To help companies make this move, Linkner grounds his book with "eight principles that define the reinvention ethos." A kind of checklist for the brave.

Innovation like this, Linkner notes, isn't without risks and shouldn't be taken lightly.

"Taking on these principles may require you to abandon some ideas you've held for years," he warns.

"That's good," he says.  "Letting go of deeply held beliefs and venturing into uncharted waters is a difficult task, but it’s an essential one for innovators."

  1. Let go of the past: "The past is a great teacher, but it's a horrible master. Living in the clutches of the past can shackle your imagination and relegate you to thinking small."
  2. Encourage courage: "You'll never instill the spirit of reinvention in your team by making people afraid to express their ideas."
  3. Embrace failure: "We have to carefully nurture ideas through numerous trials and adjustments to bring them to harvest. Therefore, you need to encourage everyone on your team to think of failure as essential nourishment for innovation."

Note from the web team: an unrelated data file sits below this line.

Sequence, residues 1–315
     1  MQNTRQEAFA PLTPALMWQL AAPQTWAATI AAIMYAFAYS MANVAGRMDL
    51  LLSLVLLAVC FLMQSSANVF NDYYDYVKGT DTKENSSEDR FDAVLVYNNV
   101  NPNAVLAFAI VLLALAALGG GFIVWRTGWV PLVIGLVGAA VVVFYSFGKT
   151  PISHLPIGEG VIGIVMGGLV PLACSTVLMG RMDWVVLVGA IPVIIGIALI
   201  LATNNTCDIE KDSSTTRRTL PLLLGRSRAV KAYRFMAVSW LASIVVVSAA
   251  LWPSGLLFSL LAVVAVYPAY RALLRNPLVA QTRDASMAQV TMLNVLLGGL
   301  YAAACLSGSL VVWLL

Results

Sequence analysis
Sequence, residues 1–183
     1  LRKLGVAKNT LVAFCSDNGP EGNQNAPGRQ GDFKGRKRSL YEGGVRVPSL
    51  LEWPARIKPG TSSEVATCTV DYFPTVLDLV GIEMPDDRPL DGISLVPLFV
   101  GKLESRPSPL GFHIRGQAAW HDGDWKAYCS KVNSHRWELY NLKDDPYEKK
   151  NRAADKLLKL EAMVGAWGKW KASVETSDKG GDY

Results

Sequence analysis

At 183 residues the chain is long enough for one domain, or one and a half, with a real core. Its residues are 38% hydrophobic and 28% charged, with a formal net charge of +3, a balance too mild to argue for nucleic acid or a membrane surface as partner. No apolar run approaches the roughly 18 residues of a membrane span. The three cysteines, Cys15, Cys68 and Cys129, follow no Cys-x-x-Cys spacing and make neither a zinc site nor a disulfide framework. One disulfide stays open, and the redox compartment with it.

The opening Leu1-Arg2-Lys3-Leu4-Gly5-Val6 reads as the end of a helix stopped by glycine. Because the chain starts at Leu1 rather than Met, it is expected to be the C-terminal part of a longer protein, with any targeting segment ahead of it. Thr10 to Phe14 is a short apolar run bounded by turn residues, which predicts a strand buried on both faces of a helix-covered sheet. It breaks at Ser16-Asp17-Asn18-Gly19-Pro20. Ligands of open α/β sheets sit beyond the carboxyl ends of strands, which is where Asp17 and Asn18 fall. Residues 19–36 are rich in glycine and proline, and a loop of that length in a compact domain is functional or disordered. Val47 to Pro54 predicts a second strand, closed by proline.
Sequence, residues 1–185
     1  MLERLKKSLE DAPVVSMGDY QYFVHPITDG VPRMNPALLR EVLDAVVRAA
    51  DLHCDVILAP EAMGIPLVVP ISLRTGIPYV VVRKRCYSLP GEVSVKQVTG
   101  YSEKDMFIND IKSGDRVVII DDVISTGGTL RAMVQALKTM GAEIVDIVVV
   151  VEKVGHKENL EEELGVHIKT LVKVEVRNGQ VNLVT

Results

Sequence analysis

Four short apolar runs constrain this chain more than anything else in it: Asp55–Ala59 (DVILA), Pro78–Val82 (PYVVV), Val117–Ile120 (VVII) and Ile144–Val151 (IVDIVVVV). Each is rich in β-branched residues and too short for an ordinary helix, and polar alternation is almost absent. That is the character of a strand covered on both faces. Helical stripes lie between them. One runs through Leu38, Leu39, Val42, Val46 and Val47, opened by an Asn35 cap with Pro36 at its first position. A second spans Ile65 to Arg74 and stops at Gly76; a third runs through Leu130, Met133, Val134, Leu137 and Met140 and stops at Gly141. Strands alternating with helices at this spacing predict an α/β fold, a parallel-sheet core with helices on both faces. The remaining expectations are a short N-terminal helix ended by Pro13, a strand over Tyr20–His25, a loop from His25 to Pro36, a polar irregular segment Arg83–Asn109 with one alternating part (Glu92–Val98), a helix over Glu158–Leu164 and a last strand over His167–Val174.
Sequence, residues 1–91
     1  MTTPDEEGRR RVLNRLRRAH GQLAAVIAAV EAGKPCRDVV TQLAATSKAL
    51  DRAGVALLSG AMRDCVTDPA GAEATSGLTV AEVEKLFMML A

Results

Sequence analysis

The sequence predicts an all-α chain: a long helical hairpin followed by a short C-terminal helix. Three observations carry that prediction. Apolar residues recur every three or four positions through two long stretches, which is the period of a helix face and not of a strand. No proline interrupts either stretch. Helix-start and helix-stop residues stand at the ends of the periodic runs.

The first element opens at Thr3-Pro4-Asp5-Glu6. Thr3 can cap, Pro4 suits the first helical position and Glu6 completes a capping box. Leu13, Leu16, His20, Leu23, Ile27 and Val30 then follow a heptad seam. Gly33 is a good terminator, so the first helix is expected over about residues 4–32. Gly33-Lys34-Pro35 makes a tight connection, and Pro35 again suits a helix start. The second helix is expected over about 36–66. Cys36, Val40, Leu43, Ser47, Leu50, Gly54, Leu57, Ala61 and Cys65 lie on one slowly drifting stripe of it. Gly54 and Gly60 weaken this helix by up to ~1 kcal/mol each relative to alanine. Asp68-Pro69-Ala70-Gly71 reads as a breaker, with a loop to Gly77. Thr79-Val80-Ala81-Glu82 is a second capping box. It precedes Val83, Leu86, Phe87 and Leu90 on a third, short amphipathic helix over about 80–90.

4. Do the opposite: " Leaders who have experienced the pinnacles of success have dared to zig while everyone else zags. Doing the opposite—upending expectations, pushing through boundaries, running toward the thing everyone else is running from—is critical to stand out from the crowd."
  5. Imagine the possibilities: " When you're looking for powerful ways to reinvent your business, your team, your life, you have to be willing to close your eyes sometimes and imagine possibilities that don't yet exist."
  6. Put yourself out of business: "Ultimately, companies that are unwilling to 'kill their darlings' and create a new version of success with either fail completely or evolve begrudgingly, after it's too late to capitalize on their previous success. "
  7. Reject limits: "As a disruptor, you will constantly be met with resistance. The path forward involved crushing supposed limits, refusing to accept the reflexive no, and unleashing an unwavering belief that you will prevail."
  8. Aim beyond: Don't let the past or even the present mislead you into taking a losing shot. Do your research, know your data, and then use that understanding to project your path forward.